There is so much inspiration around us and so much to discover in the simple things in life!  In this post I plan to give some tips on ways to find inspiration in everyday.  In a future post I look forward to sharing some ways to act on inspiration!  Here are three different ideas/exercises you could try in order to help spark inspiration.  There are obviously many more ways to find inspiration, and sometimes it just finds you!  But for those times inspiration is not free flowing, here are some things to try. 

- Go for a walk in a place that is new to you
 New things, and new places can often easily spark new inspirations.  As you walk try to view everything you are seeing through the eyes of an artist. How? Pay attention to colors, shapes, textures, images, light, shadows, patterns and combinations. Take with you, a means to gather and collect findings. Maybe it's your camera to photograph these things. Maybe it's a sketchbook/journal  to sketch or write things down.  Or a purse or bag to collect bits of nature that speak to you.  Better yet, a combination of any or all of the above.  I know for me, having a place to put bits of the natural world I like to pick up (usually for pressing into fresh clay), is very important when I go walking in nature (often it's just my pocket).


-  Go for a walk in a place that is NOT new, instead, very familiar
  Look around you trying to see things from a different perspective. Try looking in different directions than usual. Look up. Look down. Bring your camera/phone for the purpose of taking photos from different angles.  You will likely notice things/details you may have missed before!  Slowdown and take in even the smallest details.  Fill your well with wonder and curiosity! The goal here is to look at old familiar things and places in a NEW way!


-  Look through books or magazines, either ones you own, or at/from your local library.
I know it's a less popular thing to do these days, but I still love to go to the library!!  Looking through magazines you own is the most fun because you can rip out pages to keep as inspirations!  It does not even matter if they are magazines or books that normally don't appeal to you, as long as they have lots of visuals. You are looking past the obvious for the purpose of this exercise. This mean looking at what is in the background of the images. Maybe it's the wallpaper pattern or color in an image, or maybe the text that stands out to you.  Be intentional about looking at things within the images that don't first jump out at you. Just take your time and take in as much as you can!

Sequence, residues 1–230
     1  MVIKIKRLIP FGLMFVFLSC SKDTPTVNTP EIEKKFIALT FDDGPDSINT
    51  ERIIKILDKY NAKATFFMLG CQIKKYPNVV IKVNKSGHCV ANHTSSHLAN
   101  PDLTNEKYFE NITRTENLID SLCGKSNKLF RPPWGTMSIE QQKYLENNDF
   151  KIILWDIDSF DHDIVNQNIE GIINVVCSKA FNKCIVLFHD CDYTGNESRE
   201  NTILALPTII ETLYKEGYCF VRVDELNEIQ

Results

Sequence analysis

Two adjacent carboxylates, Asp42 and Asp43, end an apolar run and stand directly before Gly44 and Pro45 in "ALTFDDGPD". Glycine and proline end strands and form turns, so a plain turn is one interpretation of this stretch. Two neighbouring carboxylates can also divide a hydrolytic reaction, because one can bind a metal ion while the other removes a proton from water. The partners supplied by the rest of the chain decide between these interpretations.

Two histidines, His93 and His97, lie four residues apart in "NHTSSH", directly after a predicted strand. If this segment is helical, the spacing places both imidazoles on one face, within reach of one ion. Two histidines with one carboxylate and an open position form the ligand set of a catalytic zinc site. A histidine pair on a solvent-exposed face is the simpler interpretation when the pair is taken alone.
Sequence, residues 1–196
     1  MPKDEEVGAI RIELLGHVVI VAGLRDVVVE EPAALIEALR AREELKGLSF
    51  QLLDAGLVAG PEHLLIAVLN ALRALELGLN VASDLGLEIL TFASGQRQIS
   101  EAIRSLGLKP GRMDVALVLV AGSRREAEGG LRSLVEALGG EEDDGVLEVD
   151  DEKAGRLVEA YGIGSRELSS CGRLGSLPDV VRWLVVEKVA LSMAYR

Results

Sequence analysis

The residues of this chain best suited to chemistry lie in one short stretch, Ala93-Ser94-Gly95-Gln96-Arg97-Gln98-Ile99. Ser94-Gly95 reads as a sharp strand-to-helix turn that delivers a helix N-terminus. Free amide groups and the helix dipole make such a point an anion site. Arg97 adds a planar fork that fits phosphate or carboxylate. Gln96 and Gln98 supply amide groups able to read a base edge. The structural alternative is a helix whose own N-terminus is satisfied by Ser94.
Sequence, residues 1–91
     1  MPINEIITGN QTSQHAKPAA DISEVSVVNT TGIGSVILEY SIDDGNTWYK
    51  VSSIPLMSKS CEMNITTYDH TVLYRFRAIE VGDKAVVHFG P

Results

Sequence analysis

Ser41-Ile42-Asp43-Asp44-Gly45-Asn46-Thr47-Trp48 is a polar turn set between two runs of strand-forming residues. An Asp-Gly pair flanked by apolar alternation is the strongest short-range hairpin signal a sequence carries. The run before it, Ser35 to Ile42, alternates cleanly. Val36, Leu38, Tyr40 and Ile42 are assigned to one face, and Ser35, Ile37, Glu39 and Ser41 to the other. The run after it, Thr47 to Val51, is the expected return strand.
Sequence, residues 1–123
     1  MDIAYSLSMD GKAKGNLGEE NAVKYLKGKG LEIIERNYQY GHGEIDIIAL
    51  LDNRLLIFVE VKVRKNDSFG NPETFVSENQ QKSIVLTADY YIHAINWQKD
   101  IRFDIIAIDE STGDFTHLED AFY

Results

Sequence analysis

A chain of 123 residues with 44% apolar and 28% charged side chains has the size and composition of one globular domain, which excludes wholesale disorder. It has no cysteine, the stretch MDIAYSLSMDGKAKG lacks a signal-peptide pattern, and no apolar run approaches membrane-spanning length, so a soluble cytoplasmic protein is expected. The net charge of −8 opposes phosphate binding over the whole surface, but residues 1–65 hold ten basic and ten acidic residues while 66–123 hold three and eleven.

When you start gathering inspirations, try keeping them in one place.  If everything you collect and gather is in one place it will be much easier for you to find when want to refer to them!!
If you are looking for a way to boost your inspiration, I hope you might give one or all of these a try and see what you can come up with!  Maybe it could even lead you to share what inspired you with us at "inspiration in everyday" facebook group!! Wink, wink, nudge, nudge!!

Wishing you inspiration in "everyday"!!
Terri Del Signore


Friday, April 21, 2017

Perfect Pairings :: Michelle McEnroe + Ceramic Beads Art



This is a fun and funky design that features a beautiful ceramic bird pendant that captures my imagination. I like making designs like this because it is a great way to use up all those leftover bits you have lying around, and the colors work with a lot of different parts of any wardrobe. The way the brilliant blue dagger beads undulate reminds me of the way the colors in Gauguin's painting seem to shimmer and move, as they would through the haze of a hot summer day.